She works out the hours between Los Angeles and New York and waits till midnight before she ventures onto the street. She doesn't want to do this in the loft, she wants to be more anonymous; she wants to be the girl who walked out of the family house five years ago, in a fit of anger and pain.
She presses the numbers on the phone slowly, leaning against the phone booth. As the phone rings, she rifles through her bag for a cigarette. Something to hold and move and use.
"Tristan, it's me."
"It's me, Tristan. Mimi."
"I'm sorry, this is Tristan Marquez, I think you have the wrong number."
"Mimi, Tristan. Your sister."
There is silence, and she half hopes he missed that last part, but Lady Luck has never been a close personal friend.
"Mimi…" his voice is soft. "How did you know where I was?"
"You used to go on and on about L.A…" Mimi takes a drag of her cigarette and ignores her beeper going off, reminding her to take her AZT.
"You always were clever at finding people." And even better at disappearing, they both leave unsaid.
"How are you, Tristan?" she blurts out, twirling the cigarette in one hand, and wonders if she'd be justified breaking open a bottle of something strong and cheap back in the loft after this.
He talks, his voice laced with pride but sounding like it comes from a great distance. He has an education, a job, a potential wife, a shiny car and his health.
She covers her mouth to cough as he finishes his spiel, and Mimi wonders if he ever considered a career as a used car salesman. She wonders if he's ever sat on a park bench with his best friend, staring up at a midnight sky, the stars lost to the bright lights and dark heart of the city. She remembers her and Angel making up their own constellations, sharing a cup of coffee and a donut between them.
"How are you, Mimi?"
"I…" She pauses, and she wonders if she's missed Roger's nightly call to remind her to take her AZT. "I'm still in New York. I'm a dancer. I live in a loft with a film maker and a song writer, and sometimes an anarchist. Last Wednesday, I went with a friend to Tompkins Square Park and helped lead a protest against the way the city treats the homeless. And I'm HIV positive."
The protest was fun. Maureen painted their faces and they yelled and screamed and abused the Man. The police came, and Maureen was hurled away, still cheerfully spreading her message. Maureen didn't want a utopia; she thrived in a dystopia.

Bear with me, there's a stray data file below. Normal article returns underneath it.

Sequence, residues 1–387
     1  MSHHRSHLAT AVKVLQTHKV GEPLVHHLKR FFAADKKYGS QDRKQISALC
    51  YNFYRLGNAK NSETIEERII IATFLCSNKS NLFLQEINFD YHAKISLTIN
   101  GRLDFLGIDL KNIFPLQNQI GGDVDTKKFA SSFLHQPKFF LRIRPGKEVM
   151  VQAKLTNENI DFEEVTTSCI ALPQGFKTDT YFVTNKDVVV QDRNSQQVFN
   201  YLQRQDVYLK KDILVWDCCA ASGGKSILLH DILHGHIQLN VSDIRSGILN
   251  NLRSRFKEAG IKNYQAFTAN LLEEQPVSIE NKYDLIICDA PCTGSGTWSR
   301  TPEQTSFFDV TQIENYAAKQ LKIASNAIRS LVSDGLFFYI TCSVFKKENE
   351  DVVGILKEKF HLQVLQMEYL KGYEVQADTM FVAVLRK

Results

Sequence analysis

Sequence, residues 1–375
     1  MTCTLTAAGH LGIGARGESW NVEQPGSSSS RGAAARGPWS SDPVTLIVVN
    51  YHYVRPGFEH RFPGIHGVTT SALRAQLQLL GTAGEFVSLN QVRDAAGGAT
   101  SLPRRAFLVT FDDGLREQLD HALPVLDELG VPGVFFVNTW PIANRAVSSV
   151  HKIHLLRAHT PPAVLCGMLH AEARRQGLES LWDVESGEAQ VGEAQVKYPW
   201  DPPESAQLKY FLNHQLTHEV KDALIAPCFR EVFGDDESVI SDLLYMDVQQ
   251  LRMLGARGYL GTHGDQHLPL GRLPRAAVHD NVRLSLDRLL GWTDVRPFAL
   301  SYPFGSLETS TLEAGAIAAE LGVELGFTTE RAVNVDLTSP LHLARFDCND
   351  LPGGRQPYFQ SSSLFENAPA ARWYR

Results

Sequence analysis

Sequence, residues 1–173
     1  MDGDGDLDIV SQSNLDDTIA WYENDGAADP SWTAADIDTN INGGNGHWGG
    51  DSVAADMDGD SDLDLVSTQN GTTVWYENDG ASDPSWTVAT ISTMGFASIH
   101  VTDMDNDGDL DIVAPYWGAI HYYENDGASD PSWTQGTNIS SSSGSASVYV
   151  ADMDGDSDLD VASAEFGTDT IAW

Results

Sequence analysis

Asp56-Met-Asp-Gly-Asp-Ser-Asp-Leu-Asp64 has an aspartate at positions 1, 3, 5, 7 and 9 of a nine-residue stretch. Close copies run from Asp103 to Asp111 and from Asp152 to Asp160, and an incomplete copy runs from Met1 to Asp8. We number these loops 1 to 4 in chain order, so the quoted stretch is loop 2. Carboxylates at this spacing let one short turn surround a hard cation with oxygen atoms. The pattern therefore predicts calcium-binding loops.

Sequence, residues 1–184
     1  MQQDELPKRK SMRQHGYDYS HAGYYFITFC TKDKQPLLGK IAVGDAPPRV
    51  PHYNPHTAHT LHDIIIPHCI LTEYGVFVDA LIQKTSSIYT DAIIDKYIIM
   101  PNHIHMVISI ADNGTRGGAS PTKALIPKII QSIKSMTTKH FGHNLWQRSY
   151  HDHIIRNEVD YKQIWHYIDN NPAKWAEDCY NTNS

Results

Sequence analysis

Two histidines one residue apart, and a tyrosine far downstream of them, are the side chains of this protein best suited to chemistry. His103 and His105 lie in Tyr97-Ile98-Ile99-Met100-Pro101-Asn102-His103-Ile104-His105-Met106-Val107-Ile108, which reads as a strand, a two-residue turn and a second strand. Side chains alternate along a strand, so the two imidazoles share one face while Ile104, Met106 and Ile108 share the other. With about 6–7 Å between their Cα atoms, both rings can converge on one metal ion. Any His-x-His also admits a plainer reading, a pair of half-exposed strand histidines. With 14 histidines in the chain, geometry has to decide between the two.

"For the last three and a half years," she says proudly, but he mistakes her pride; for the last three and a half years, she's been dying, but she's still here, living, breathing and fighting her death sentence. Being strong enough to fight for the chance to freeze at night in a industrial loft, to dance for overweight businessmen, to skull beer, sitting on the roof between a musician and a movie maker.
He's disgusted and scared and angry all at once.
"Look, okay, I'll send you a plane ticket. You can come to L.A., stay with me, and we'll get you treatment. I'll call Mom and Dad…"
Mimi stubbed her cigarette out on the phone booth. No one will come running to her; she must pay penitence for needing them, and rush faithfully to their side, begging for their forgiveness for being a fighter, for being independent.
She hangs up on her brother's spiel of what they can do for her. There are no questions for how or why, or what she wants.
The phone rings again as she makes her way back to the loft. She'll forgive them for not really wanting to help her, not enough to do it on her terms, anyway, and they'll forgive her for choosing to die the way she lived – fighting, independent and her way.
She goes up to the loft, in time to hear the voice mail click in and Roger's voice filling the apartment.
"Hey babe, just reminding you to take your AZT. I know I'm nagging. Anyway, me and Mark will be back in two days, whether I have to kill old man Cohen just to pay for the train tickets… hey!... Mark says to tell you that I'm an insensitive prick and he deplores your taste in men…Mark, Mimi says you couldn't be gayer. 'Deplores'? Geez… no, it's the machine… I can tell you what Mimi's thinking! Hell, Mark, 'deplores'? Everyone is thinking it… Thank you, Cindy!"